It's everyone's dream to stumble across a priceless heirloom and make their fortune. But very few are that lucky.
However, one man managed to do just that when he took an old watch of his onto the Antiques Roadshow, and he couldn't believe how much it was worth.
David served in the US Air Force during the Vietnam War, enlisting in the 1970s and working as an explosives ordnance disposal airman.
While out there, he told the show that he noticed a lot of airline pilots wore Rolex watches, but could never afford one himself.
Luckily, while he was doing a bit of diving, he came across a cheaper model, the 1971 Oyster Cosmograph, which he picked up for $345 – about a month's wage for him at the time – and which was supposed to be perfect for underwater pursuits.
However, when he actually got it, he couldn't bring himself to get it 'salty' and instead put it in a safety deposit box, where it stayed for 40 years.
David said: "I only took it out two or three times to look at it, and that was about the extent of it before I brought it here."
And it was probably wise keeping it safe all that time, because according to the expert, it is now worth an absolute fortune.
Explaining the significance of the model to David, the expert said: "These watches, as we've talked about on Antiques Roadshow, have become very collectable.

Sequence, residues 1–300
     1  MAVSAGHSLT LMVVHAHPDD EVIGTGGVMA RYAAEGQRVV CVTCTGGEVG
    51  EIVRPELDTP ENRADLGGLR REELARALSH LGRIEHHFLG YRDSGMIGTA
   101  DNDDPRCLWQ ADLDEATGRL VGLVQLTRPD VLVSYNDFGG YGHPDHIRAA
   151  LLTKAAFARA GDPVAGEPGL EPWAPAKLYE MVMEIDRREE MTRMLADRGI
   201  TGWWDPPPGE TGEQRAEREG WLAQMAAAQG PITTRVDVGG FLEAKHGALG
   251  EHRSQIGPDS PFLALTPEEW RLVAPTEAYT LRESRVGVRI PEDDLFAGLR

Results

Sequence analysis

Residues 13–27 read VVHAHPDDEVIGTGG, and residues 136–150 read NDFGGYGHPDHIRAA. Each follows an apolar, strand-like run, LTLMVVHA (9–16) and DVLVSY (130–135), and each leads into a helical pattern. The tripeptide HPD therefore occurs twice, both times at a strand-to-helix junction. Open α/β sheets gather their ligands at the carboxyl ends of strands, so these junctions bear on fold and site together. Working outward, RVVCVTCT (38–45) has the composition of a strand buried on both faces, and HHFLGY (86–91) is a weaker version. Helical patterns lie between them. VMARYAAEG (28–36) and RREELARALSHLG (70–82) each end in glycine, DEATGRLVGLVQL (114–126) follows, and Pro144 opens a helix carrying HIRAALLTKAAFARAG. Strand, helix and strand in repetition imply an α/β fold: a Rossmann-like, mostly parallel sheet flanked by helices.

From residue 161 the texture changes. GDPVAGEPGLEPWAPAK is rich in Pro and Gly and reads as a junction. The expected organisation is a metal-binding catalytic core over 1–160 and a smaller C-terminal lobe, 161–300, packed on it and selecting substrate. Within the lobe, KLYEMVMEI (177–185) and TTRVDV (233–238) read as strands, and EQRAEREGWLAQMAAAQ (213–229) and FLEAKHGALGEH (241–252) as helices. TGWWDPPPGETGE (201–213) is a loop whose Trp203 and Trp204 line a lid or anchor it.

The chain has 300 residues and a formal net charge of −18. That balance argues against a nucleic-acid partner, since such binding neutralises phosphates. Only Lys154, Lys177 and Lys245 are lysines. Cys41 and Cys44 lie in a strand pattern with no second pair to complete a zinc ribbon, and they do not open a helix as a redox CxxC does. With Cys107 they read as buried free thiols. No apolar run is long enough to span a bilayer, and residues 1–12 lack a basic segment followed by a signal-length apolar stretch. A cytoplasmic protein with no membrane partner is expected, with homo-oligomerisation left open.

"It's got a couple of very special features about it. Underneath the word 'Rolex', and above the word 'Cosmograph', it says 'Oyster', and that refers to the screw down buttons here.
"It still has the foil sticker on the back, with the reference number 6263. Had it been worn, that would have been the first thing that would wear off the watch."
He also told David that Paul Newman wore a similar watch, minus the screw-down buttons, in the film Winning, which he says added to its value for collectors.
Now we come to the valuation.
The expert says: "The one that Paul Newman wore, currently at auction, those watches are going for approximately $100,000 to $200,000. Your watch is more special.
"It says 'Oyster' on it. They did that for an extremely short period of time – we refer to that as a Mark II dial. And this particular model being marked 'Oyster' is extremely, extremely rare. A watch like this, at auction, is worth around $400,000."
Bowled over by the valuation, David drops to the floor in utter disbelief.
But it's not over just yet. After getting back to his feet, the vet gets the real good news.
"I'm not done yet, I said a watch like yours," the expert goes on.
"Your watch, at auction today, [fetches] $500,000 to $700,000. It's an absolute fabulous find. It's one of the rarest Paul Newman models, and in this condition, I don't think there's a better one in the world."
But he rounded off by warning David: "You can't wear it, though. If you wear it, it drops down to the $400,000 value."